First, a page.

Once principal photography is complete, producers coordinate tasks to begin the video editing. Visual and digital video effects are added to the film; this is often outsourced to companies specializing in these areas. Often music is performed with the conductor using the film as a time reference (other musical elements may be previously recorded). An editor cuts the various pieces of film together, adds the musical score and effects, determines scene transitions, and assembles the completed show.

how-to-draw-a-cartoon-tv-step-4

Genres

Television genres include:

  • Action: where one or more heroes are thrust into a series of challenges that typically include physical feats, extended combat scenes, violence, and frenetic chases. Action films tend to feature a resourceful character struggling against incredible odds, including life-threatening situations, a villain, or a pursuit, which generally conclude in victory for the hero.
  • Adult content: the explicit portrayal of sexual subject matter for the purpose of sexual gratification.
  • Adventure: uses action scenes preferably to display and explore exotic locations in an energetic way. The subgenres of adventure films include, swashbuckler film, disaster films, and historical dramas – which is similar to the epic film genre. Main plot elements include quests for lost continents, a jungle and/or desert settings, characters going on a treasure hunts and heroic journeys for the unknown. Adventure films are mostly set in a period background and may include adapted stories of historical or fictional adventure heroes within the historical context. Kings, battles, rebellion or piracy are commonly seen in adventure films. Adventure films may also be combined with other movie genres such as, science fiction, fantasy and sometimes war films.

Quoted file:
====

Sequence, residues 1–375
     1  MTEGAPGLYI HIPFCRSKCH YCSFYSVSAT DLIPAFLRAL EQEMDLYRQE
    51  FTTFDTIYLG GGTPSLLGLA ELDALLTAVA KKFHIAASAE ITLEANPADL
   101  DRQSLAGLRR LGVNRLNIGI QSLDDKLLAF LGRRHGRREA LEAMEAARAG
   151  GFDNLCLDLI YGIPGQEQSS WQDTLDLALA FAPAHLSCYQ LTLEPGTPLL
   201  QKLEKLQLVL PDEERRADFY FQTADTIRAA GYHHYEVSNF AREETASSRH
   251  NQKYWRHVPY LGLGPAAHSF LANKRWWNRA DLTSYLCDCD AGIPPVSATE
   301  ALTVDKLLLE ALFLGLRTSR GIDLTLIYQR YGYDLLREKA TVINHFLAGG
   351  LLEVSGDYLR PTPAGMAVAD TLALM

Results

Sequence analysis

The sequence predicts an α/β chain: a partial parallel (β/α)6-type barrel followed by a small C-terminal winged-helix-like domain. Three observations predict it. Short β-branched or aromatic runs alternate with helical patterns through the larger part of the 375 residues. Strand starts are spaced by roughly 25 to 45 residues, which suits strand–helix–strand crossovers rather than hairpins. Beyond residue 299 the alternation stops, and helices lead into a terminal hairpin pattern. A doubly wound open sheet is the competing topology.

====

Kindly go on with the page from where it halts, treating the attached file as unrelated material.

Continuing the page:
• Animatedtraditionallystop-motion or 2D or 3D computer animation.
    • Cartoon series: created or adapted with a common series title, usually related to one another and can appear as much as up to once a week or daily during a prescribed time slot. Animated cartoon series also apply outside broadcast television, as was the case for the Tom and Jerry short films that appeared in movie theaters from 1961–1962. Series can have either a finite number of episodes like a miniseries, a definite end, or be open-ended, without a predetermined number of episodes.
  • Anthology series: presents a different story and a different set of characters in each episode. These usually have a different cast each week, but several series in the past, such as Four Star Playhouse, employed a permanent troupe of character actors who would appear in a different drama each week. Some anthology series, such as Studio One, began on radio and then expanded to television.
  • Art television (also called “quality television”): shares some of the same traits of art filmsTelevision shows such as David Lynch‘s Twin Peaks series and BBC‘s The Singing Detective also have “…a loosening of causality, a greater emphasis on psychological or anecdotal realism, violations of classical clarity of space and time, explicit authorial comment, and ambiguity.”
  • Children’s series: Aimed at kids and/or children and/or families.
  • Puppet series
  • Daytime television: features television programming traditionally produced and scheduled to air between the hours of 9 a.m. (at the end of morning show-type programming) and 5 p.m. (when local news and the early fringe of primetime begins). It can also be defined as television before the watershed, and therefore is subject to censorship.
  • Dramatic programming
    • Documentary: a feature-length or near-feature length film depicting a real-world event or person, told in a journalistic style (if told in a literary narrative style the result is often a docudrama). Example: Hoop DreamsThe Thin Blue Line (documentary)